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May 21, 2010
High School Students from San Diego, CA; Newton, MA; & Andover, MA Chosen for MIT Ocean Engineering Summer Internships at MIT Sea Grant College Program & the MIT Center for Ocean Engineering
May 14 – Two Boston area high school students, Cole Kerr (Newton North) and Stephanie Liu (Phillips Andover Academy), and two students from High Tech High in San Diego, Beth Lacarra and Jake Neighbors, have been chosen for the MIT Ocean Engineering Summer Internships. The Ocean Engineering Internship Program is jointly sponsored by the MIT Sea Grant College Program and the MIT Center for Ocean Engineering. The paid internship will run from July 12 through August 20, 2010.
ABOUT THE OCEAN ENGINEERING INTERNSHIP
The Ocean Engineering Internships offers four high school students an opportunity to gain hands-on experience in a variety of marine science and technology fields. Interns work with faculty and research staff, including policy experts, research engineers, and marine biologists, at the MIT Sea Grant College Program and the MIT Center for Ocean Engineering. Each intern also works semi-independently on a project designed by the intern and an assigned advisor from one of the following disciplines: marine biology, oceanography, physical and ocean science and engineering. The project will culminate in a written and oral report to be presented at the end of the program.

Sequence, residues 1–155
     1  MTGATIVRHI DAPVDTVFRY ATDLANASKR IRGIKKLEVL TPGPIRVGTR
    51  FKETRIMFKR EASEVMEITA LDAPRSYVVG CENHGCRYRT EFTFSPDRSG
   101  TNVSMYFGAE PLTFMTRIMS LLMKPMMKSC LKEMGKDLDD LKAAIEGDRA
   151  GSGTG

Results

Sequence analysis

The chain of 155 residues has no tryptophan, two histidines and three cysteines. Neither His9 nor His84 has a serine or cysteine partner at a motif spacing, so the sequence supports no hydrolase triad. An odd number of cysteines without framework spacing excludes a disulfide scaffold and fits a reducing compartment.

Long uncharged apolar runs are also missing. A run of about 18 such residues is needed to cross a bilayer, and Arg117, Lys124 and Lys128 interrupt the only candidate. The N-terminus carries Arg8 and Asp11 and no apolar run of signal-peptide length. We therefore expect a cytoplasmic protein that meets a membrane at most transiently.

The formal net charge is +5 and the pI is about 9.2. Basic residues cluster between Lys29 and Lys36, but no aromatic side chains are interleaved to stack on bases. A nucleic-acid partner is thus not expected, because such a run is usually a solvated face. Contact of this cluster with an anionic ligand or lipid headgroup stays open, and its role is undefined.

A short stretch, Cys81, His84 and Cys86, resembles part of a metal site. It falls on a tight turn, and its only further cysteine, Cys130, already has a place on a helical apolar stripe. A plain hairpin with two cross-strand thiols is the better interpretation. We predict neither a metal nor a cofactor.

The Ocean Engineering Internship program is open to rising high school sophomores, juniors and seniors. Two students are chosen from a pool of MIT’s “Blue Lobster Bowl” participants each year and two from High Tech High in San Diego.
THE BLUE LOBSTER BOWL INTERNS